The truth about the elderly and the young

The Israeli week that was.

Sivan Rahav Meir ,

Sivan Rahav meir,
Sivan Rahav meir,
צילום: עצמי


Perhaps more than anything else, the Knesset’s trivial decision says something about the times we live in. This week the Labor and Welfare Committee approved MK Nachman Shai’s proposal which determines that the term “old age stipend” will be changed to “senior citizen stipend.” Soon the Knesset plenum will approve that too.

Why? Because being old is not good. It’s insulting to even use the word. It’s better to worship the young and to cover up your age as much as possible. Nachman Shai is not to blame; it’s the spirit of our times. Once it was an honor to be the elder of the tribe; there are communities where this is still the case.

“An elderly person – is one who has acquired wisdom,” our Sages declared, and they were right. “You should rise in front of a venerable person and you shall respect the elderly,” it says in the Torah. Maybe soon we’ll update this verse too and we’ll say “and you shall respect the senior.”


Here’s something else that characterizes the post-truth era: Fake-news and alternative facts. Everyone comes already-convinced from home and just adapts the facts to his pre-conceived notions. It’s been happening over and over again recently.

The wave of fires and arson also ignited a public discussion that has not yet been extinguished. The Fire and Rescue Authority’s report didn’t convince anyone that they were in the wrong. Whoever previously thought that it was a wave of terror-motivated arson found the relevant data there, and whoever wanted to claim that everyone who was arrested was released and that the weather was to blame – could also justify his point based on exactly the same report. This repeated itself with the terror attack on the Armon Hanatziv promenade.

Whoever wanted to claim that it was the “Elor Azariya effect” that made the soldiers flee found a soldier’s post that echoed his position perfectly, and whoever wanted to claim otherwise could rely on a post of one of the soldiers who did shoot. No video clip from the scene will budge us from our pre-conceived notion. This week this modus operandi operated around the unfamiliar Bedouin village of Umm Al-Hiran. The driver immediately became either a terrorist or a victim, and it turns out that even a pathologist's report can be interpreted any which way we want.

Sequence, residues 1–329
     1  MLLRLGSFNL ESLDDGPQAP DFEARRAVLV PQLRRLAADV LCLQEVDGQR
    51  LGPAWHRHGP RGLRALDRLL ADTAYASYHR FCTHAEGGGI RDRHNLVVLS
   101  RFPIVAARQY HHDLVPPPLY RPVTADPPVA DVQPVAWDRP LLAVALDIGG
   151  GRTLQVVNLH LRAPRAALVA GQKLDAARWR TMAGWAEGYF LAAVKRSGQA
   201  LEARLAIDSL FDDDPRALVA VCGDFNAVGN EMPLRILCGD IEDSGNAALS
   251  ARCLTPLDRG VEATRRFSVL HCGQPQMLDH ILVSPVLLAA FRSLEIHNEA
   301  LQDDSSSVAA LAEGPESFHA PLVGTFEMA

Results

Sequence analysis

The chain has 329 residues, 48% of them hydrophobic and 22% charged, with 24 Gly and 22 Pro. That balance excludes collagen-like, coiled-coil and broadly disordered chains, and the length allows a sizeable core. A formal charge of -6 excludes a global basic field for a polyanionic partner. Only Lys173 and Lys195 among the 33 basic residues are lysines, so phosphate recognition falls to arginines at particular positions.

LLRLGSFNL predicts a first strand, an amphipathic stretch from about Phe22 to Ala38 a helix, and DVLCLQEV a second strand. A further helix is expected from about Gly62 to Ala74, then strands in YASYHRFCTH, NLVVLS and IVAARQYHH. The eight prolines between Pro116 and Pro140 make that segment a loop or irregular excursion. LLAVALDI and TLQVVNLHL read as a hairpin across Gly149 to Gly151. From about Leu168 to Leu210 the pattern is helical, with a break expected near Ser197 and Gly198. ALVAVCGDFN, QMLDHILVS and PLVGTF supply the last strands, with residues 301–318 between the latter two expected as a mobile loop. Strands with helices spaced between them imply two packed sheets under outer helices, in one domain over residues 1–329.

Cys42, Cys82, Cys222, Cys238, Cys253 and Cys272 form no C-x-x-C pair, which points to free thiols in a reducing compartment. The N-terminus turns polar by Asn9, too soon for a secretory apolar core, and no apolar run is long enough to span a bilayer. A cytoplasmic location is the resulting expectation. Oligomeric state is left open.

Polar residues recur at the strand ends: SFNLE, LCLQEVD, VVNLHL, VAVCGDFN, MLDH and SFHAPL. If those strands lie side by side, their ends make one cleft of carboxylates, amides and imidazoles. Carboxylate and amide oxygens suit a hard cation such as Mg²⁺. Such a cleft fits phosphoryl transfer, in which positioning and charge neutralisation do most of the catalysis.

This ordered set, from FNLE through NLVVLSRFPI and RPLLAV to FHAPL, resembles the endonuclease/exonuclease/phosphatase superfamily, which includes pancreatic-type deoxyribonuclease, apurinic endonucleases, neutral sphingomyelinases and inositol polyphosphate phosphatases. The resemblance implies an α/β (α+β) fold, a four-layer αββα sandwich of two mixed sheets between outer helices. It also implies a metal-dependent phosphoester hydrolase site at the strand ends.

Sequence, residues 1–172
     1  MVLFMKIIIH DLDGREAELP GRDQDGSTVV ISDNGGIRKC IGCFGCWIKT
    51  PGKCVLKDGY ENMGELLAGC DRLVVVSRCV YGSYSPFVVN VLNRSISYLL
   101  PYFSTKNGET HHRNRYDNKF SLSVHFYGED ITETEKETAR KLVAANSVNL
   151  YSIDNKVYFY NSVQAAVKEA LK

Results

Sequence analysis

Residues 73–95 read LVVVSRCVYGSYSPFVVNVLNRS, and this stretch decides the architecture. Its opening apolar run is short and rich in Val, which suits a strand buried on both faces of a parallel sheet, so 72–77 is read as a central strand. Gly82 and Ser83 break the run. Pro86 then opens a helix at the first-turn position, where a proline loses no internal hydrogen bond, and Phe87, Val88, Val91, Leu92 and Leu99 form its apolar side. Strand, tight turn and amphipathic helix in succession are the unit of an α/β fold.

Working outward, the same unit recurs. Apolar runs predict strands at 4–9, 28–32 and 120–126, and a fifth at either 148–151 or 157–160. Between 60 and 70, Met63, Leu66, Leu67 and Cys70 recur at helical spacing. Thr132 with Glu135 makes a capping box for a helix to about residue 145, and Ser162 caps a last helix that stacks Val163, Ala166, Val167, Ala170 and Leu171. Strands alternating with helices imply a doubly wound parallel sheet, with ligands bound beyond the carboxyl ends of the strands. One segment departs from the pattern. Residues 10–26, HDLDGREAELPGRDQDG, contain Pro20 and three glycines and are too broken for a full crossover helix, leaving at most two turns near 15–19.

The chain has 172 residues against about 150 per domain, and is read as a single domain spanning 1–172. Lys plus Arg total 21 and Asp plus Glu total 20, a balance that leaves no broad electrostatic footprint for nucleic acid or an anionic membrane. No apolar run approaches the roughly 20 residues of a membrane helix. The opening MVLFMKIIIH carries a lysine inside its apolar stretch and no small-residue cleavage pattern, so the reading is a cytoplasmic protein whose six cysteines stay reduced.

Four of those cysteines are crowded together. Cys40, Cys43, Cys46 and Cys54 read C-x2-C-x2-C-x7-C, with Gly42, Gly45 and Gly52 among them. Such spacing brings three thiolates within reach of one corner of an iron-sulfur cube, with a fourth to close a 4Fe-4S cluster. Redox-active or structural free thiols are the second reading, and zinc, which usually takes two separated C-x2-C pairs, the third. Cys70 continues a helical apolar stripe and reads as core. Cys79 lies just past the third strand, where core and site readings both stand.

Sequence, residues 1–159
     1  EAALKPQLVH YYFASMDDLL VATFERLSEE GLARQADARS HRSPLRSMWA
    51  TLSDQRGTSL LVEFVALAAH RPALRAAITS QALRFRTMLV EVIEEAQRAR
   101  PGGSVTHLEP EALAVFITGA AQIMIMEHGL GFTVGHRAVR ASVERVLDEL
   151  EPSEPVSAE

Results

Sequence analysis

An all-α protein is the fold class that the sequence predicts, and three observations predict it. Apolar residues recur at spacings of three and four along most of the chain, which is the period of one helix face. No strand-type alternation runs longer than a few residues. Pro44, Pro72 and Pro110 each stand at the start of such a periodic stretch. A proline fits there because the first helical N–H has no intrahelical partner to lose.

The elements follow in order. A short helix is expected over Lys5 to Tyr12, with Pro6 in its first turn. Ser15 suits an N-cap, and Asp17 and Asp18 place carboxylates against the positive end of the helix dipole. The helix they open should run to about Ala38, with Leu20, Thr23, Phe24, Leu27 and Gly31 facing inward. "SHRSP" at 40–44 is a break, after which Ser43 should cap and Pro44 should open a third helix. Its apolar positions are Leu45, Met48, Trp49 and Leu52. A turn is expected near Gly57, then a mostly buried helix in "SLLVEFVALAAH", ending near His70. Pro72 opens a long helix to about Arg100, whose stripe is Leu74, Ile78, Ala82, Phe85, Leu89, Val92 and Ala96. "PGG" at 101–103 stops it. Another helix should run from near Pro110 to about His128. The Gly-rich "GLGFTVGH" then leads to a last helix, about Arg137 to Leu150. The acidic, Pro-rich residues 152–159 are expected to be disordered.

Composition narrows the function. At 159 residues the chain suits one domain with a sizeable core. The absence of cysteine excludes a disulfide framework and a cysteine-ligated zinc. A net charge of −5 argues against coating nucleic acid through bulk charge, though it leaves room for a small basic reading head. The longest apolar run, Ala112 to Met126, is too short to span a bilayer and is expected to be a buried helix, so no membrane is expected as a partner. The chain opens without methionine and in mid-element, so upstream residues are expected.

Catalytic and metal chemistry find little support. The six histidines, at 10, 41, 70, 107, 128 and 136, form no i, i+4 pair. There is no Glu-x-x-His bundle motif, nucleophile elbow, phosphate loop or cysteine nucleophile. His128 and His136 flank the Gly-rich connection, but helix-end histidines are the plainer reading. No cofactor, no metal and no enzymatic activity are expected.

All of this will turn public discussion into a sad and very boring affair. We’ll be able to write all the reactions of all the sides ahead of time.


In the Talmud it says that if a Sanhedrin (Rabbinical Court of Temple times) of 23 judges decided unanimously to convict someone – this is a reason to acquit him. Yes, yes, if they all think alike, then apparently there’s a problem. If we can’t find even one member of the council who is able to judge him favorably, perhaps social pressure was applied. Perhaps public opinion or the media influenced everyone to favor only one point of view. Something here is not logical. What, no one thinks differently? Everyone just falls into line?

This is the feeling nowadays when you listen to all the talk against Trump. Yes, I am aware of his many shortcomings and they bother me a lot too, but Hollywood’s unified chorus and the liberal circles who have been coming out against him in total agreement is a bit strange. He didn’t take the White House by force, he was voted in by law. His millions of voters have their own conservative and traditional values.

They’re not the riffraff of society, they have a legitimate worldview. How is it that there’s not even one voice, here in Israel as well, that’s asking: Perhaps we’ve taken our liberalism too far? Maybe we need to accept the democratic rules of the game, even when the results don’t fit into our worldview? Maybe we went to the enlightened extreme, and we need to return to the values of identity and tradition?